Brexit driving UK tourism flows from and to Europe
The UK / EU Withdrawal agreement built around UK Govt. “red lines” and EU Commission policy is still awaiting ratification by the UK Parliament. The difficulty in gaining a majority for ratification and in particular a future trade deal has led to a political crisis in the UK, combined with an enormous constitutional struggle. This level of political crisis, against a backdrop of economic uncertainty, is destabilising the UK internally and threatening its relations with its closest neighbours in the EU. What will be the potential consequences for its geopolitical position and its economy and in particular for tourism flows between the UK and Europe?
Political commentators, notably Robert Cooper of the Financial Times, argue the political system crisis going on in the UK is a result of a fundamental lack of understanding in the UK of how the EU works and what it stands for. Many imagined that pure economic interest would drive talks between the two parties. The thinking was that economies with large markets within the UK would influence the Commission to give ground in negotiations with the UK at some point. In fact, the political and economic integrity of the Single Market and the International legal requirements to abide by the Good Friday Agreement have been the dominant factors. Many, especially of the Leave side of the argument in the UK, had not realised this would happen, despite the Commission being open about its priorities from the start. This is evidence, says Cooper, of a concerning misunderstanding of why the EU was set up in the first place.
“The EU is a political project: the customs union and the single market are means to an end.” Robert Cooper.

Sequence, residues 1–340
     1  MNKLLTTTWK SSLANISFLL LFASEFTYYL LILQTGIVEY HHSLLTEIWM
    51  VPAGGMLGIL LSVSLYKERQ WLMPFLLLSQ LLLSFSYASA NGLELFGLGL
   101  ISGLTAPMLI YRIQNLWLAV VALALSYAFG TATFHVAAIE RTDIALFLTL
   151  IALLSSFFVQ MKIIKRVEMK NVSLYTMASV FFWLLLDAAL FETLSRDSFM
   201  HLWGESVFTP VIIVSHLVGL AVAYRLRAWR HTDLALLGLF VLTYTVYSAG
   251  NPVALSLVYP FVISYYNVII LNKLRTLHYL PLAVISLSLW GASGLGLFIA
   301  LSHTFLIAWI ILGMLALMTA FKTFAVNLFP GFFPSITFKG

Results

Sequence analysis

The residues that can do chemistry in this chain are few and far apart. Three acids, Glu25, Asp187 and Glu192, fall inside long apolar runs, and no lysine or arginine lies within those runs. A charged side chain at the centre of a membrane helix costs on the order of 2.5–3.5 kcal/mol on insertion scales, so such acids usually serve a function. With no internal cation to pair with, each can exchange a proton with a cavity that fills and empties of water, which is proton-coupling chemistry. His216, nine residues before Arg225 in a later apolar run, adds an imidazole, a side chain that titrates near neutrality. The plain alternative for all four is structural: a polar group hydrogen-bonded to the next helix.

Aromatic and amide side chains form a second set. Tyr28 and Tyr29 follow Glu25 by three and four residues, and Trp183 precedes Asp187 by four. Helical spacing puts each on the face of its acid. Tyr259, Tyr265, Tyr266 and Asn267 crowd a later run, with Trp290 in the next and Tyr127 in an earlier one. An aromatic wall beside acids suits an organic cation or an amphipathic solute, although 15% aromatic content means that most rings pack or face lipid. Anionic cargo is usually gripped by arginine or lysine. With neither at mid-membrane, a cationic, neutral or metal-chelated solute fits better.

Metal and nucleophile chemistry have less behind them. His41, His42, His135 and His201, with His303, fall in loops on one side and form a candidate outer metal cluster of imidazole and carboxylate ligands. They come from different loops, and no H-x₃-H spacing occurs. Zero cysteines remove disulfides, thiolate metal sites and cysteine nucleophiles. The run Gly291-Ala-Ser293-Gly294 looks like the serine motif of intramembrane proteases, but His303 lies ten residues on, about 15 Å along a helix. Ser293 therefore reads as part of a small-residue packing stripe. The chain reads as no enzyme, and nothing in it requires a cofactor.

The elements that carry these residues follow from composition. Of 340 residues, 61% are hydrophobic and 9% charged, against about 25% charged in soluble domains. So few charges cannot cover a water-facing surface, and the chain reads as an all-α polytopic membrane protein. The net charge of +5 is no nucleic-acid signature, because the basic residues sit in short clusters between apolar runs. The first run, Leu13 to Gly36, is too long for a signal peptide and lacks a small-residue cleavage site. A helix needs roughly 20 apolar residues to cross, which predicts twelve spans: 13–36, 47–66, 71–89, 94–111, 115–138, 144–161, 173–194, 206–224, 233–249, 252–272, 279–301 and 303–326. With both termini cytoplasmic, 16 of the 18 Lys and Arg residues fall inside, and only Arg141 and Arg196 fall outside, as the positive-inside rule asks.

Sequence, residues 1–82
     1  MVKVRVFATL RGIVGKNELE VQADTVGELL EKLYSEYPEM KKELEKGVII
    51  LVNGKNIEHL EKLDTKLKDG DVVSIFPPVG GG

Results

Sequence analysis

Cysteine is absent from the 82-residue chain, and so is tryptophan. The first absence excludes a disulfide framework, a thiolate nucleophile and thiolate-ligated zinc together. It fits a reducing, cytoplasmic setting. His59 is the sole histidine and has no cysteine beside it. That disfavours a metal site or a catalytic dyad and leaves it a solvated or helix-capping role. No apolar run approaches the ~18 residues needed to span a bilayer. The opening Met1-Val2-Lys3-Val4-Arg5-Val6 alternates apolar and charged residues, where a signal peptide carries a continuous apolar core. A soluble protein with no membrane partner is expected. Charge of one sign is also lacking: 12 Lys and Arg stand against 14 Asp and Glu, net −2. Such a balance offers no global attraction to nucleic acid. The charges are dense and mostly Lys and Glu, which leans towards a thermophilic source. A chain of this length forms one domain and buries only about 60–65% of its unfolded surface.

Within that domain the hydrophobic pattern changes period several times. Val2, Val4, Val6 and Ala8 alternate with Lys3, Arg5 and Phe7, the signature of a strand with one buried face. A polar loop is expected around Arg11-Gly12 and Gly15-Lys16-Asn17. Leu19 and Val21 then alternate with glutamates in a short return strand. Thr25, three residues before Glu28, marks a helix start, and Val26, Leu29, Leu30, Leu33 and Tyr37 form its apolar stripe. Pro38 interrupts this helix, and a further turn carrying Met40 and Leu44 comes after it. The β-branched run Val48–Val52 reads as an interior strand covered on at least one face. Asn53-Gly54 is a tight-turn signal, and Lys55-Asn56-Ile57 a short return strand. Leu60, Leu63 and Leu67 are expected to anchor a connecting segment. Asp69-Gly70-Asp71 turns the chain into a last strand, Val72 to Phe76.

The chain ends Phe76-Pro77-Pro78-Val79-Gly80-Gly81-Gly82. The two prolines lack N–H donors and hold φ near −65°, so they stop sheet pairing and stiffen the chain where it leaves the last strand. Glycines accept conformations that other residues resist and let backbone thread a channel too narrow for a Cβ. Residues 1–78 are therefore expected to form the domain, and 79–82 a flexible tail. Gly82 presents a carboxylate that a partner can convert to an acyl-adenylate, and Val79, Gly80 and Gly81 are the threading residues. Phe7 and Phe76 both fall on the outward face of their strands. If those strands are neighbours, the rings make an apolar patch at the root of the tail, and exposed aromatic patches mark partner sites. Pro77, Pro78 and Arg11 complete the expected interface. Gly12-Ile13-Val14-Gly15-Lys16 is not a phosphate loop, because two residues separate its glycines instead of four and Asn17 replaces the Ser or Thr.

Equally concerning under these circumstances, is a political system in the UK based on adversarial party politics? The combination leaves the UK with no Parliamentary majority as yet for a Withdrawal Agreement or a new trade deal with the EU. In addition, increasing numbers of UK citizens wish to stay in the EU and the backlog of other issues on the domestic political agenda starved of attention grows. What will be the consequences for social cohesion in the UK, for relations with EU neighbours and for tourism flows between Europe and the UK?
Economics and tourism
All major reputable economic forecasts indicate that the UK economy will contract in the event of a no deal scenario becoming reality, to the tune of anywhere between 5-10% of GDP. The uncertainty regarding the basis of future trading between the UK and mainland Europe is widely acknowledged as damaging to inward investment to the UK and has already resulted in losses for the UK economy. Tourism, however, has benefited from the devalued pound making UK cheaper as a destination. According to figures from VisitBritain, 2018 saw a 6% increase in inbound Tourism to the UK to over 41M tourists and an increase in the amounts spent by tourists. In terms of its image abroad (nation Brand), the UK has retained its third place behind Japan and Germany (Anholt Index, 2018). The publicity, resulting from very successful Olympic games in 2012, has played a role in promoting the UK and in combination with cheaper pound tourism has benefitted. It remains to be seen whether the economic storm clouds gathering as a result of a potentially messy Brexit will affect this positive image and trend for UK tourism. What is likely though is that fewer British will be visiting mainland Europe if the pound stays where it is or devalues even further against the euro. More importantly, continued uncertainty will not enhance UK relations with EU countries and may damage the nation brand and tourism in the long run.